There are, more or less, two types of writers: those who always tell their stories in proper (chronological) sequence, with maybe the occasional flashback, and those who, at least sometimes, don’t.
Right now I’m thinking about group #2.
For writers in group #1, those who always tell their stories in order, that’s probably just the default option — maybe it’s never even questioned.
But for a writer who sometimes goes back and forth and all around, to go consistently frontwards in a particular story must have been a conscious choice.
I thought of this with The Hateful Eight. Some of Tarantino’s earlier pictures (Reservoir Dogs, Pulp Fiction, Kill Bill) play a lot of games with time. But The Hateful Eight does not. It is quite straightforward, with one — clearly labeled — flashback, and this must have been the result of a deliberate decision.
What did Tarantino gain by this decision?
Seriousness? In general, as far as I can remember, his movies have become more straightforward — in structure — as they have moved more to explicit social and historical commentary.
Inexorability? This is specific to The Hateful Eight. Throughout the movie there is the sense that, as Samuel Beckett put it, something is taking its course. Given the people involved, how could this story have ended any differently than it did?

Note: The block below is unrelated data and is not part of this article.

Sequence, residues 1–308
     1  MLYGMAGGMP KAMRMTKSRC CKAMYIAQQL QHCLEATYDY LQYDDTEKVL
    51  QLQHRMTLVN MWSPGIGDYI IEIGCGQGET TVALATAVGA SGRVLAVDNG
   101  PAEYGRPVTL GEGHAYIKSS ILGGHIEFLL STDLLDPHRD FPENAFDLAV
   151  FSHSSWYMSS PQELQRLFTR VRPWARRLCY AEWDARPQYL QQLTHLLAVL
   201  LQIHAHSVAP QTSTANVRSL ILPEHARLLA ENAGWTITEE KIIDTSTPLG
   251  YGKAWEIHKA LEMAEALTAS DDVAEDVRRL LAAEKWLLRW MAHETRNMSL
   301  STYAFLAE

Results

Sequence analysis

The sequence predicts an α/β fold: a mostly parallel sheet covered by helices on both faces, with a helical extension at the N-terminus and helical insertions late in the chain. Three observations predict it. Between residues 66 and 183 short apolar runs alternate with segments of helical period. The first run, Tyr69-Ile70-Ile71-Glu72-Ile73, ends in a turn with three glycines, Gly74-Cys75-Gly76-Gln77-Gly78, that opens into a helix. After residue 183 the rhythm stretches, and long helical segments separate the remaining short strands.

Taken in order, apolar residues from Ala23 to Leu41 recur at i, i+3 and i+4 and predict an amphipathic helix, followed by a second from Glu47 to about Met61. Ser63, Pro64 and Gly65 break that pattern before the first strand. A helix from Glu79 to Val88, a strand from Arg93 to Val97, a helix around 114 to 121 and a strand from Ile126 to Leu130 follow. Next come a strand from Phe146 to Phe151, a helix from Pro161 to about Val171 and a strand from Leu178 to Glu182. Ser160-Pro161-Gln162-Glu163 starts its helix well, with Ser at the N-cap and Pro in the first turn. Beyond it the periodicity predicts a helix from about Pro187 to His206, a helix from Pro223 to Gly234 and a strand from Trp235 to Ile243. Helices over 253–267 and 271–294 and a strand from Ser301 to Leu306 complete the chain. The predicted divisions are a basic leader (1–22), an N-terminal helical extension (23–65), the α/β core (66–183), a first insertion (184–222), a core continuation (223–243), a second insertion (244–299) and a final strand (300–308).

Truth? Maybe. Time does, after all, move forward in the real world. You can want it to pause or rewind, but it won’t.
Interesting to think about…
My first two novels hopped around in time in different ways, but when I moved to writing mystery stories, I straightened out the chronology. Mostly this was because mystery stories are perplexing enough in content — it seemed counterproductive (and potentially annoying) to add an additional level of trickery in the form. Which isn’t to say that you can’t do that — just that you’d better have a darned good reason for going in that direction.
With mystery stories, there are some (unwritten, as far as I know) rules about the ways you are allowed to trick the readers, and other than those you’re supposed to “play fair.”
All that being said, I do enjoy a story that jumps around in time, if it’s done well. I remember the first time I read Roger Zelazny’s Roadmarks (where every chapter is either “Chapter One” or “Chapter Two” — and where I found out later that the Chapter Twos were placed in between the Chapter Ones at random) and thought, “Hey, this is my kind of book!”
This is also one reason (of many) that I enjoyed the movie of Cloud Atlas (as I talked about here)